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Re: [css3-text-layout] Towards better support of CJK user requirements (was New editor's draft - margin-before/after/start/end etc)

From: MURATA Makoto (FAMILY Given) <eb2m-mrt@asahi-net.or.jp>
Date: Sun, 30 May 2010 08:50:45 +0900
To: H虧on Wium Lie <howcome@opera.com>
Cc: <www-style@w3.org>, Jaeho Lee <jaeho@uos.ac.kr>, Ning Li <ningli@public2.bta.net.cn>, komachi@y-adagio.com, "KOBAYASHI Tatsuo(FAMILY Given)" <tlk@kobysh.com>, Seiichi Kato <seiichik@microsoft.com>, Masanori Kusunoki <Masanori.Kusunoki@microsoft.com>, yjkweon@keris.or.kr, Yong-Sang Cho <zzosang@gmail.com>, Sam Gyun Oh <samoh21@gmail.com>, sblim@sookmyung.ac.kr, speeno@haansoft.com, jungkwon@haansoft.com, sadian@ksa.or.kr, hykim@incube.co.kr, shik@kats.go.kr, mike@w3.org, ishida@w3.org, bert@w3.org, masao@w3.org, phobos chang <phobos.chang@gmail.com>, selena <selena@cmex.org.tw>
Message-Id: <20100530085041.8AC3.B794FC04@asahi-net.or.jp>
> There is no consensus in the CSS WG to add the proposed 30 new
> properties. 

It was agreed to incorporate them into the next draft. Then, David Hyatt
and Boris Zbarsky explained their implementations of the 30 new properties.  
Their implementations are very simple and do not appear to have any problems. 
Your concen about implementing cascading and inheriting of more
properties is no longer an issue.  Any new argument ?


> In 2.5, we find this requirement:
>   Even when the principal text direction is overridden, users will
>   expect that the viewer provides reasonable layout using the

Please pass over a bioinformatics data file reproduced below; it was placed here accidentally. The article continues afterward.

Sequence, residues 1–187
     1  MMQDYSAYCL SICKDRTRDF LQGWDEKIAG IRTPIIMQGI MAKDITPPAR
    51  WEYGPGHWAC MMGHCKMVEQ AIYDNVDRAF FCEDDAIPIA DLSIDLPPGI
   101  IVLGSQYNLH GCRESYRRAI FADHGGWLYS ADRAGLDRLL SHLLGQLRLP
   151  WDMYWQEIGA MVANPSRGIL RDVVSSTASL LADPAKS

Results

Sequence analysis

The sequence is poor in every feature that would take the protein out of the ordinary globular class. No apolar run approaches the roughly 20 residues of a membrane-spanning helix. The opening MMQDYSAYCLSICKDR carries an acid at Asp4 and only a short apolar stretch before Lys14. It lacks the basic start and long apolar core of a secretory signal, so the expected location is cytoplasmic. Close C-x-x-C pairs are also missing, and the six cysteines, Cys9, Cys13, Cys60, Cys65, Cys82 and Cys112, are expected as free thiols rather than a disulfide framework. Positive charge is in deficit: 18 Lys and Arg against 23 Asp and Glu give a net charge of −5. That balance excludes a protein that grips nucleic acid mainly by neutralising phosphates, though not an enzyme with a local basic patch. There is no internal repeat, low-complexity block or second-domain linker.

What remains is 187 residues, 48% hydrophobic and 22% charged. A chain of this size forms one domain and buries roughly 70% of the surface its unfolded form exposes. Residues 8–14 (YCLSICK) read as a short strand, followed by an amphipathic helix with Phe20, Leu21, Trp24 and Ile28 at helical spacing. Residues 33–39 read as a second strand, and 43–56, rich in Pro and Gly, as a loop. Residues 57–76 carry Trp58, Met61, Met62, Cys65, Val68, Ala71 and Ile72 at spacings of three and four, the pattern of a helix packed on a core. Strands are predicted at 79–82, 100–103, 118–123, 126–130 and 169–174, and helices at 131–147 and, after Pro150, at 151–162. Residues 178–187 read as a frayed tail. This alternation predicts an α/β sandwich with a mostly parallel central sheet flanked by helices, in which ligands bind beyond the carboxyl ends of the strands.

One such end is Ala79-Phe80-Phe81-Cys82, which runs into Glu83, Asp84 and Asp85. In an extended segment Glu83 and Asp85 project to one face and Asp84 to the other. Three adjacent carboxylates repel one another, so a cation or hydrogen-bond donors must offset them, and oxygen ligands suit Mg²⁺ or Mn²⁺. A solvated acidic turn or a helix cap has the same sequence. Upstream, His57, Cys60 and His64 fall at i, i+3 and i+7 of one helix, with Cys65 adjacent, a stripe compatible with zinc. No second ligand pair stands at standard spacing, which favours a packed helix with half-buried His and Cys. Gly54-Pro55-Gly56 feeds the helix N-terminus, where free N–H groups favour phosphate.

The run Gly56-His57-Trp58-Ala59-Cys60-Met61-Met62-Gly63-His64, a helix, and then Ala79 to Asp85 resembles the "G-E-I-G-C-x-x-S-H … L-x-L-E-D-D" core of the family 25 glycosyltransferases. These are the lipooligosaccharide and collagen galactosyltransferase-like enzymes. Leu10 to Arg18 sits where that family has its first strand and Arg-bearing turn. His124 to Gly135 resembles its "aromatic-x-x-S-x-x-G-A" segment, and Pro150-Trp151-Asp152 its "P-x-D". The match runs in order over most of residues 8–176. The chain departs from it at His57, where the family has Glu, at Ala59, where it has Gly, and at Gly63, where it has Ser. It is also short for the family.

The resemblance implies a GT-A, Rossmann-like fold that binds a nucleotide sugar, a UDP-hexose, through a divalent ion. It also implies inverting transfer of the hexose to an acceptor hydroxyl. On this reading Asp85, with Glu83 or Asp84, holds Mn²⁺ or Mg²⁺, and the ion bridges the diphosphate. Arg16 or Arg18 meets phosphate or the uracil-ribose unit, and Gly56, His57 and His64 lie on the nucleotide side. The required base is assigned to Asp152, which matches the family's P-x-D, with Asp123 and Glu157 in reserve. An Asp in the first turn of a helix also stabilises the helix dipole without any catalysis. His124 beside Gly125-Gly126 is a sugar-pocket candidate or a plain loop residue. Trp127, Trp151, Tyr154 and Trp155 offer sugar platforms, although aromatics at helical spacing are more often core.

>   stylesheets provided by the publisher. It should be possible to
>   provide stylesheets for both principal text directions. 

Although this sentence is the highlight of the issue, it is not good
enough to read this subsection only.  To correctly interpret the 
phrase "even when the principal text direction is overridden", 
you have to read the base document as well as the minimal 
requirement document.


First, do you understand that vertical writing documents often 
contain horizontal writing, and vice versa?  Such mixture of 
horizontal and vertical writing happen even when everything 
is written in the Japanese language.

Second, do you understand that the same document can be viewed 
using horizontal writing and vertical writing?  In particular, 
reading systems often allow users to select principal text 
direction (See http://www.w3.org/TR/jlreq/ for the definition 
of this term) or force the horizontal writing direction always.  What is
needed is relativity based on what users choose rather than 
relativity based on what is specified within documents or stylesheets.

> To me, it seems that both the proposed alternatives fulfill this
> requirement. In Alt 1, which relies on language codes, one can write:
>   :lang(ja) { ... }
>   :lang(en) { ... }

This certainly fails because different Japanese paragarphs within 
a single document have different writing directions.

> In Alt 2, which introduces new pseduo-classes, one can write:
>   :rtl { ... }
>   :ltr { ... }
>   :ttb { ... }

In my understanding of the past discussions about pseudo classes, 
they are based on what is specified within documents.  Thus, 
it is not good enough.

Received on Saturday, 29 May 2010 23:51:27 UTC

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